Maggie is my 6 year old, very mixed breed dog. In some ways she’s very smart – too smart – as in knows-how-to-get-in-the-dog-proof-trashcan-smart. Where she’s less than smart is her reaction to being fussed over, whether it’s grooming or being treated for minor health problems. She bites.Her recent ear infection forced me to devise a way to put drops in her ears without getting bitten. Solution: a muzzle and wedging her into the tiny space in the bathroom between tub and toilet. It worked. Houdini couldn’t get out of that space. Interestingly, she stopped struggling and snapping and started letting me put the drops in her ears elsewhere in the house and without the muzzle. Maggie had learned that the drops made her ears feel better.
I’ve talked to lots of writers who resist trying new technologies because of a similar fear of the unknown. Heck, I’ve been there, too. I had never used a computer before enrolling in graduate school in 1991. I learned because it was the only option for doing the class work. (Not to mention my electric typewriter was long gone.) After graduation, eight years with a tech company and seven years of self employment has made me reasonably competent with computers and the Internet. I continue to learn about new software and online trends because my business demands it. I use the library a lot, and have a very large shelf of technical books in my office. For big problems, I have several computer experts in my rolodex.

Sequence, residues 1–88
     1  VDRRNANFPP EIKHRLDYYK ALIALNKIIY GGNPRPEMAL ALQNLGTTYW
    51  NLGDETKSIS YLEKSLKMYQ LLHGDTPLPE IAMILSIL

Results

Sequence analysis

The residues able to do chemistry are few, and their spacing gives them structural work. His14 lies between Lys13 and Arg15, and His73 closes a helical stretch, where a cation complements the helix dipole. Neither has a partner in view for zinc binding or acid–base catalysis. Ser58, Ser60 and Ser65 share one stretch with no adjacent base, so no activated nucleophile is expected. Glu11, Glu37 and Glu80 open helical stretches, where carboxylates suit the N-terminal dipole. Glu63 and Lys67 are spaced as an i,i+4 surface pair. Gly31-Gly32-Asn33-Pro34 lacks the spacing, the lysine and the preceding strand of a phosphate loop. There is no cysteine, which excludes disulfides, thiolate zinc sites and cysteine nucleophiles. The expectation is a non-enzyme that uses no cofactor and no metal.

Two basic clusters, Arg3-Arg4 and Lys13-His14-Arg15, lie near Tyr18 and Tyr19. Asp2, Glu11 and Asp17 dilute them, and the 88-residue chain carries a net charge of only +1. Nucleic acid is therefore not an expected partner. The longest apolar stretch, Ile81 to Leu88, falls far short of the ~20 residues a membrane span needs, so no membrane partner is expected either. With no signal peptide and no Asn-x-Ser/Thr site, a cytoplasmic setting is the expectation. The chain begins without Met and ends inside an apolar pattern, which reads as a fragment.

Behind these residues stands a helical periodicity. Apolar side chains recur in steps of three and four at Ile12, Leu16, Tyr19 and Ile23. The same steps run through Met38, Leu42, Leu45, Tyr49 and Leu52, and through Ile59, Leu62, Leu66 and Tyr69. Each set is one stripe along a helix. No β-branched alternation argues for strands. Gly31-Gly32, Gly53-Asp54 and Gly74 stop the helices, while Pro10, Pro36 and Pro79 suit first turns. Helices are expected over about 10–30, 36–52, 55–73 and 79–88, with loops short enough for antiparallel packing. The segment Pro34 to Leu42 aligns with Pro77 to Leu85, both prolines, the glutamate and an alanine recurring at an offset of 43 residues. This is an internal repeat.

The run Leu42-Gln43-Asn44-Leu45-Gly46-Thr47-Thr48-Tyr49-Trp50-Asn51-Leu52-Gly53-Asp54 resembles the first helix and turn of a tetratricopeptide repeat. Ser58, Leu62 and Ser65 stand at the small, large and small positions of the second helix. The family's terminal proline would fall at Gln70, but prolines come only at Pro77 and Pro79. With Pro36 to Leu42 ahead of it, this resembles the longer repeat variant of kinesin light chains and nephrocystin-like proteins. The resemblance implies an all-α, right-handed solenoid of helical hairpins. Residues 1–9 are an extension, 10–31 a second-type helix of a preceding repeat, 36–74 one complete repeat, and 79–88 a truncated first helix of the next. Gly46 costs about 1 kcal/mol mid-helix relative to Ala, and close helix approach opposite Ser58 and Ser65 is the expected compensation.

Do you need to learn a new kind of software, or more about the web? There are tutorials available online and how-to guides in bookstores and libraries. Want personal instruction? There are classes and expert tutors online and just down the street. Knowledge is a great cure for fear of the unknown.